It looks like hedge funds own 32% of International Tower Hill Mines shares. That worth noting, since hedge funds are often quite active investors, who may try to influence management. Many want to see value creation (and a higher share price) in the short term or medium term. Our data shows that Paulson & Co. Inc. is the largest shareholder with 32% of shares outstanding. Meanwhile, the second and third largest shareholders, hold 14% and 13%, of the shares outstanding, respectively.

After doing some more digging, we found that the top 3 shareholders collectively control more than half of the company's shares, implying that they have considerable power to influence the company's decisions.

While it makes sense to study institutional ownership data for a company, it also makes sense to study analyst sentiments to know which way the wind is blowing. As far as we can tell there isn't analyst coverage of the company, so it is probably flying under the radar.

Insider Ownership Of International Tower Hill Mines

While the precise definition of an insider can be subjective, almost everyone considers board members to be insiders. The company management answer to the board and the latter should represent the interests of shareholders. Notably, sometimes top-level managers are on the board themselves.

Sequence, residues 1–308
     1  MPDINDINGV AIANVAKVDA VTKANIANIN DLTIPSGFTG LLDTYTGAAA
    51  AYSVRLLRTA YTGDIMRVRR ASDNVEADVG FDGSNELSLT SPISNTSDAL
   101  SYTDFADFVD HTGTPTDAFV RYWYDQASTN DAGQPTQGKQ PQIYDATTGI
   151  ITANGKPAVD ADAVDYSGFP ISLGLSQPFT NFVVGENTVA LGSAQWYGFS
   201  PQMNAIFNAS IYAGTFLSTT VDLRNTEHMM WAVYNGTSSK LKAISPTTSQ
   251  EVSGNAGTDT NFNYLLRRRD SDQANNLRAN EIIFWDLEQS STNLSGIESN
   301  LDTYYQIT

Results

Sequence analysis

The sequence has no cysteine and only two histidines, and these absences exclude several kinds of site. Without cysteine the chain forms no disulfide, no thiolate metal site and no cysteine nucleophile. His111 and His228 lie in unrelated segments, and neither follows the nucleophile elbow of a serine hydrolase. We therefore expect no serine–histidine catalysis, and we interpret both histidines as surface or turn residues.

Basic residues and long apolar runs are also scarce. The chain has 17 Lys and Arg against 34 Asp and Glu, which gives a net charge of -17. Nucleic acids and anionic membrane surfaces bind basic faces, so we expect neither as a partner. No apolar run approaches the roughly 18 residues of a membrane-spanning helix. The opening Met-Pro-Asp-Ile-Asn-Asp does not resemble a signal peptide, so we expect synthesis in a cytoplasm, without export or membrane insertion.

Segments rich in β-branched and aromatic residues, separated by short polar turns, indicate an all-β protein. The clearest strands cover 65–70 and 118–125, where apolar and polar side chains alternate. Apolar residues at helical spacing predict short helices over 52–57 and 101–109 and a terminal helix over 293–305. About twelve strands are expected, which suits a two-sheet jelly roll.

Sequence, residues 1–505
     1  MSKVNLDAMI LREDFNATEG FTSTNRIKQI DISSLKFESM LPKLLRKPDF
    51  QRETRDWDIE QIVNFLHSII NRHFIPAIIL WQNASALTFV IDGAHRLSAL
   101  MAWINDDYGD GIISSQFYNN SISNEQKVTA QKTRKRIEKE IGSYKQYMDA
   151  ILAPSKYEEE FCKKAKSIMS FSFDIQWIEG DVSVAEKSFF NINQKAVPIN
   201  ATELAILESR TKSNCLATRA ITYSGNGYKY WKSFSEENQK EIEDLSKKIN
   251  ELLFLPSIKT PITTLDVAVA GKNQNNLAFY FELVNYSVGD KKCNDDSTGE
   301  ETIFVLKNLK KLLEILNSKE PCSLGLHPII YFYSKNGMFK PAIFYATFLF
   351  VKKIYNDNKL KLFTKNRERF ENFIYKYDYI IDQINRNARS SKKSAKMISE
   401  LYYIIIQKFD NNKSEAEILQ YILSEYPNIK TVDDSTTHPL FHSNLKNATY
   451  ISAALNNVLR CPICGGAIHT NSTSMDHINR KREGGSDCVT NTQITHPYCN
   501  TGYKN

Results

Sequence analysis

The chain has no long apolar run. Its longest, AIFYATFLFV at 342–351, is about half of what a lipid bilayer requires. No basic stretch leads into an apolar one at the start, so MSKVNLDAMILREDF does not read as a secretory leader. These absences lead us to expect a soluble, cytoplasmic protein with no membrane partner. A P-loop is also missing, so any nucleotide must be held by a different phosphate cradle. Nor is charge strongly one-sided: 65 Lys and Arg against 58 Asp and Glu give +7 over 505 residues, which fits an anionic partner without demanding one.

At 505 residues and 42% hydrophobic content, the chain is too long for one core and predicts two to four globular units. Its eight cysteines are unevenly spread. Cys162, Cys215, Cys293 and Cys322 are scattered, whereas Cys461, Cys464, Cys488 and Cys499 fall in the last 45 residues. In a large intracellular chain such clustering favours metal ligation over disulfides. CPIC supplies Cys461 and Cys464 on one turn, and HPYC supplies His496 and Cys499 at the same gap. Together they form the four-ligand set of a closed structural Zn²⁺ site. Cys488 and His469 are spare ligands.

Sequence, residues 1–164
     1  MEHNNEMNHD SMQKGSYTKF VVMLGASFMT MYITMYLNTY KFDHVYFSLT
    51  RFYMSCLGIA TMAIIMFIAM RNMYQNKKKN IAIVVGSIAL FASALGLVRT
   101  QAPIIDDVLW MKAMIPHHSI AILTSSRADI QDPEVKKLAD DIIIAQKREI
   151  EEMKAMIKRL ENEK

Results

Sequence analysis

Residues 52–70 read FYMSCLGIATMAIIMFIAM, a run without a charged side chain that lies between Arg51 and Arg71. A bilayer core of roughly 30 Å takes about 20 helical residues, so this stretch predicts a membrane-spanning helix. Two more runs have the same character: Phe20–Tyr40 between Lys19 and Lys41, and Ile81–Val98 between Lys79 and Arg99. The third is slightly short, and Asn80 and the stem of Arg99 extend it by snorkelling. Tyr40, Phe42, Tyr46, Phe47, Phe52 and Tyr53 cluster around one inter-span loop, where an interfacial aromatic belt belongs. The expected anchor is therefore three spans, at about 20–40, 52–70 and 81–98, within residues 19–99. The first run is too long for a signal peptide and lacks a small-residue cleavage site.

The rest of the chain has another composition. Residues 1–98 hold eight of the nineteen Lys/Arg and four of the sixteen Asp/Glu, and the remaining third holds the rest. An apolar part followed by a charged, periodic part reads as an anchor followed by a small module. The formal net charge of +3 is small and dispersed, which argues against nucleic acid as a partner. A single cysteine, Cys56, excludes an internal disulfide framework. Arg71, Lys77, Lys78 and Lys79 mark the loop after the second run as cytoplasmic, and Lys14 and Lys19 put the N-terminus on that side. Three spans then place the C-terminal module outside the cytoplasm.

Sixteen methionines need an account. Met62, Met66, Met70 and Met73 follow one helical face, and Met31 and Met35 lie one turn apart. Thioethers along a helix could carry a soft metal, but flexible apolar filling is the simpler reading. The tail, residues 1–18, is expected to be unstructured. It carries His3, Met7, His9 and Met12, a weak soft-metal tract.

Most consider insider ownership a positive because it can indicate the board is well aligned with other shareholders. However, on some occasions too much power is concentrated within this group.

Our most recent data indicates that insiders own less than 1% of International Tower Hill Mines Ltd.. It appears that the board holds about CA$824k worth of stock. This compares to a market capitalization of CA$143m. Many tend to prefer to see a board with bigger shareholdings. A good next step might be to take a look at this free summary of insider buying and selling.

General Public Ownership